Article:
July 31, 2002 – Just how effective a combined effort of the government and the private sector can be in pursuing the tourism dollar was brought home to local hoteliers and public officials Wednesday by an expert from one of their nearest neighbors and biggest competitors.
Several gubernatorial candidates and a scattering of senators joined executives of hotels large and small at a Wyndham Sugar Bay Resort luncheon to hear what Jorge Pesquera, executive director of the Puerto Rico Convention Bureau, had to say.
Pesquera said revenues from group travel to Puerto Rico neared $40 million in the last year. The convention bureau receives 12 percent of hotel tax revenues, roughly $5 million a year. With 47 employees, Pesquera said, the organization is well on the way to making Puerto Rico the "preferred meeting destination of the Americas."
The bureau, a not-for-profit entity, focuses on marketing Puerto Rico as a meeting and convention destination. Pesquera, a 25-year veteran of the travel and tourism industry, serves as a director of the Puerto Rico Hotel and Tourism Association and of the International Association of Convention and Visitor Bureaus.
Leadership is the key to the bureau's success, Pesquera said. "You need good government structure. You need a balanced government structure — one that promotes consistency," he said. "Otherwise, you're going to lose market share to those out there who are doing it well."
Pesquera's presentation at the meeting, hosted by the St. Thomas-St. John Hotel and Tourism Association, lent credence to the lobbying efforts of local hoteliers. The Puerto Rico Convention Bureau has worked since 1962 to develop group travel as a major economic resource for the commonwealth. According to Pesquera, it has been very successful.
Listening intently as Pesquera described the bureau's accomplishments were many hoteliers who have long lobbied for a private-public tourism authority in the Virgin Islands. Legislation was prepared in late 1999 to create a Virgin Islands Tourism Authority made up of private sector representatives in the majority and government representatives in the minority.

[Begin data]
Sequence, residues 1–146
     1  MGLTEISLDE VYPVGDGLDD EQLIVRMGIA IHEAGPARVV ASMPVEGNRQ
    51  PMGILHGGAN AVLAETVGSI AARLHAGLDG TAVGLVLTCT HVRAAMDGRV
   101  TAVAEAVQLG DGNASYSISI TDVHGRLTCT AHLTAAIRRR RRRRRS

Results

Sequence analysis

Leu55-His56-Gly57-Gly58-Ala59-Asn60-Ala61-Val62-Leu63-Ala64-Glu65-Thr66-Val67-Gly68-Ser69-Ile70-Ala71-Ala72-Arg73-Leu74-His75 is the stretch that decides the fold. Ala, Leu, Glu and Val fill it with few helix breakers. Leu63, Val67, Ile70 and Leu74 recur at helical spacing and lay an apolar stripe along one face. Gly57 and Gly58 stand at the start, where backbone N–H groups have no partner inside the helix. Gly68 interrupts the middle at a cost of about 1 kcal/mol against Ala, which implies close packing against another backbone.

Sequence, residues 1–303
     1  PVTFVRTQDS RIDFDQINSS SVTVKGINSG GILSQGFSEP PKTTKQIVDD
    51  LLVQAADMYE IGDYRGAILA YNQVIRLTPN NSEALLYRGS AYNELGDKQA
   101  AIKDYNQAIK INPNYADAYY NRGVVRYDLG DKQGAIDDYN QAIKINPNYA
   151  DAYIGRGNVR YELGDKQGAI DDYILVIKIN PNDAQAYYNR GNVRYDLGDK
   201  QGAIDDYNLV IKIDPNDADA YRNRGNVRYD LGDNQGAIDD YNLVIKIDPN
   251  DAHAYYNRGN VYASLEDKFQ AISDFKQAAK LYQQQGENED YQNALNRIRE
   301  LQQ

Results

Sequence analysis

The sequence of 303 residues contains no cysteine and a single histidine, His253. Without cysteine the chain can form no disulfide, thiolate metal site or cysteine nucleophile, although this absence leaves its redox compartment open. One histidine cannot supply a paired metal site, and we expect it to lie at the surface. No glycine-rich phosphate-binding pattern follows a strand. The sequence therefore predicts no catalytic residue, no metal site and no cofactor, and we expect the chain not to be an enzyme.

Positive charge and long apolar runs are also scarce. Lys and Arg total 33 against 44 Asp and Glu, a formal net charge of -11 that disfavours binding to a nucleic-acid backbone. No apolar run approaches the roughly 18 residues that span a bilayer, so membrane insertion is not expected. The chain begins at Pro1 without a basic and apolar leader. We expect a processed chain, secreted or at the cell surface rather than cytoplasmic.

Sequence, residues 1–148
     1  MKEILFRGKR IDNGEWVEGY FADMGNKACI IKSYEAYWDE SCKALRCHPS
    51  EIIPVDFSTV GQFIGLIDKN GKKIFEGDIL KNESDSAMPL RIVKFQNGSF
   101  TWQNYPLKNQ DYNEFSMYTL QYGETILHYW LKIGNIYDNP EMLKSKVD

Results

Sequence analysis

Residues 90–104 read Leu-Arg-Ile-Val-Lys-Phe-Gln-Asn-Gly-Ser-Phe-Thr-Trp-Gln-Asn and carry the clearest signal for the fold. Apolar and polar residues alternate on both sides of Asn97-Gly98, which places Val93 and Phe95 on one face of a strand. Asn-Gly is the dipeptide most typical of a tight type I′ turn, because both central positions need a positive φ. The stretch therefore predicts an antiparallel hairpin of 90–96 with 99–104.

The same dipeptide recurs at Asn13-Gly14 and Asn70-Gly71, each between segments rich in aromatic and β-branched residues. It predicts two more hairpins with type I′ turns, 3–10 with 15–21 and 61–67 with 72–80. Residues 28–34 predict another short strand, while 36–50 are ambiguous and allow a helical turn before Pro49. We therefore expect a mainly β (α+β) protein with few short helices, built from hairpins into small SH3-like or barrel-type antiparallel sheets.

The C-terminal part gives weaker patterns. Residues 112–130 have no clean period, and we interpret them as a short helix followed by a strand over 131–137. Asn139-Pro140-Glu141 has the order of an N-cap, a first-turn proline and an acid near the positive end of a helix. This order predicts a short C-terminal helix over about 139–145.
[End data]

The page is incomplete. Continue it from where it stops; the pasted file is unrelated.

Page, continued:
The proposed tourism authority would have been empowered to disburse the territory's hotel tax revenues — then accounting for some $11 million a year — to promote the Virgin Islands as a visitor destination. Hotel tax revenues are by law exclusively for tourism advertising and promotion; however, the funds have consistently been raided to meet government obligations and pay for special-interest projects.
The Legislature passed a bill creating a tourism authority as part of the Fiscal Year 2001 Omnibus Act, but Gov. Charles W. Turnbull vetoed the measure in February of 2001 — while approving a 2 percent increase in the hotel tax. The Legislature later rescinded the tax increase.
Two months after vetoing the public-private authority, Turnbull in an executive order created a Tourism Advisory Council, a move soundly rejected by the private hospitality sector. He named as the four private sector members the executive directors of the territory's two hotel associations and chambers of commerce; the four bodies subsequently said their managers would not serve. The council's activities have not been made public.
According to Pesquera, the Puerto Rico government has "recognized the value of public-private non-profits." He said 80 per cent of the bureau's funding comes from the hotel room tax with the rest derived from member dues, cooperative marketing (as with airlines and hotels) and revenue from a contract with a convention center under development.
Public-sector support has enabled the Puerto Rico Convention Bureau to "impact the entire tourism industry," he said. The bureau's function, he said, is to serve as the center of the commonwealth's overall "destination team."
The bureau reaches potential travel groups through a combination of direct marketing, Internet presence, newsletters — to both members and customers — and sales offices in the mainland United States and Spain. Last year, Pesquera said, his agency worked with more than 700 groups traveling to Puerto Rico.
Asked by audience members what the territory would need to do to implement an agency on the same model as his bureau, Pesquera said it is simple: "You have to get the right people in place and move forward."
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